Climate change and migration are major concerns in the MENA region, yet the empirical evidence on the impact of climate change and extreme weather events on migration remains limited. Information is broadly lacking on how households in vulnerable areas perceive changes in the climate, how they are affected by extreme weather events, whether they benefit from community and government programs to help them cope with and adapt to a changing climate, and how these conditions influence the decision of household members to migrate, either temporarily or permanently. This introductory chapter summarizes briefly the main results of the study which relied on existing data as well as focus groups and new household surveys collected in 2011 in Algeria, Egypt, Morocco, Syria, and Yemen. The results suggest that households do perceive important changes in the climate, and that many households are being affected by extreme weather events resulting in losses in income, crops, and livestock. The coping and adaptation strategies used by households to deal with weather shocks are diverse, but also limited, with most households not able to recover from the negative impact of weather shocks. The ability of community level responses and government programs to support households is also very limited. Finally, while climate change is not today the main driver of migration flows, it does appear to contribute substantially to these flows, so that worsening climatic conditions are likely to exacerbate future migration flows.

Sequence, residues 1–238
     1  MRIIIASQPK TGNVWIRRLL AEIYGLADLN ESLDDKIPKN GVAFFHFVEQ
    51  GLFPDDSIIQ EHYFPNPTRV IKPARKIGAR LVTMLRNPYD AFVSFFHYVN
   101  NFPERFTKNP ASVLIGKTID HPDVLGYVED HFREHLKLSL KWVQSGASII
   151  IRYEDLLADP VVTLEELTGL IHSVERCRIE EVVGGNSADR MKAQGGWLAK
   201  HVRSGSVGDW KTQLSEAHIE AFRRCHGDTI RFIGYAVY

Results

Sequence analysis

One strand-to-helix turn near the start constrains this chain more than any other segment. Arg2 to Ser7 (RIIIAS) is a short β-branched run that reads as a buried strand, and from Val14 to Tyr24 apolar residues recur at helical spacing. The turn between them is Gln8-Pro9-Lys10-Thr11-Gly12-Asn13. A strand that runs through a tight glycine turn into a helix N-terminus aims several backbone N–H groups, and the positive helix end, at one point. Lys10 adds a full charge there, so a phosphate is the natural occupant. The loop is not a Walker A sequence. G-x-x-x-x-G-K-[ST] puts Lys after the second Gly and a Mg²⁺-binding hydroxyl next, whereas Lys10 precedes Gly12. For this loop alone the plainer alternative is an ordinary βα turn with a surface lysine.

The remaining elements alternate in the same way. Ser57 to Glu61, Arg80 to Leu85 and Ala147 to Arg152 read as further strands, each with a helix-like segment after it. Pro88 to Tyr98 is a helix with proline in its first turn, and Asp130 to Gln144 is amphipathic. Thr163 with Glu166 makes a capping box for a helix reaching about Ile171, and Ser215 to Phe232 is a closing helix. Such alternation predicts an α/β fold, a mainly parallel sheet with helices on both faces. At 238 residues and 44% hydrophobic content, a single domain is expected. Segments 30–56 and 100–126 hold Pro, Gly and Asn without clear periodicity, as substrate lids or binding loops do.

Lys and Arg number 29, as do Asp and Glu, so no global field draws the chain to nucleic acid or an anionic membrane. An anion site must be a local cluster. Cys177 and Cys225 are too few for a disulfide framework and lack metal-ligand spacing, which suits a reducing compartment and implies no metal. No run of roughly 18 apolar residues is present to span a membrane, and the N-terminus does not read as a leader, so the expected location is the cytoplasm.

Instead of targeting poor areas, should poverty programs target households with personal attributes that foster poverty, no matter where they live? Maybe not, these results suggest. Instead of targeting poor areas, should poverty programs target households with personal attributes that foster poverty, no matter where they live? Possibly not. There may be hidden constraints on mobility, or location may reveal otherwise hidden household attributes. Using survey data for Bangladesh, Ravallion and Wodon find significant and sizeable geographic effects on living standards, after controlling for a wide range of nongeographic characteristics of households, as would typically be observable to policymakers. The geographic effects are reasonably stable over time, robust to testable sources of bias, and consistent with observed migration patterns. Poor areas are not poor just because households with readily observable attributes that foster poverty are geographically concentrated. There appear to be sizable spatial differences in the returns to given household characteristics. Their results reinforce the case for antipoverty programs targeted to poor areas even in an economy with few obvious impediments to mobility. This paper- a product of the Development Research Group-is part of a larger effort in the group to better inform antipoverty policies in developing countries. The study was funded by the Bank's Research Support Budget under research project Policies for Poor Areas (RPO 678-69).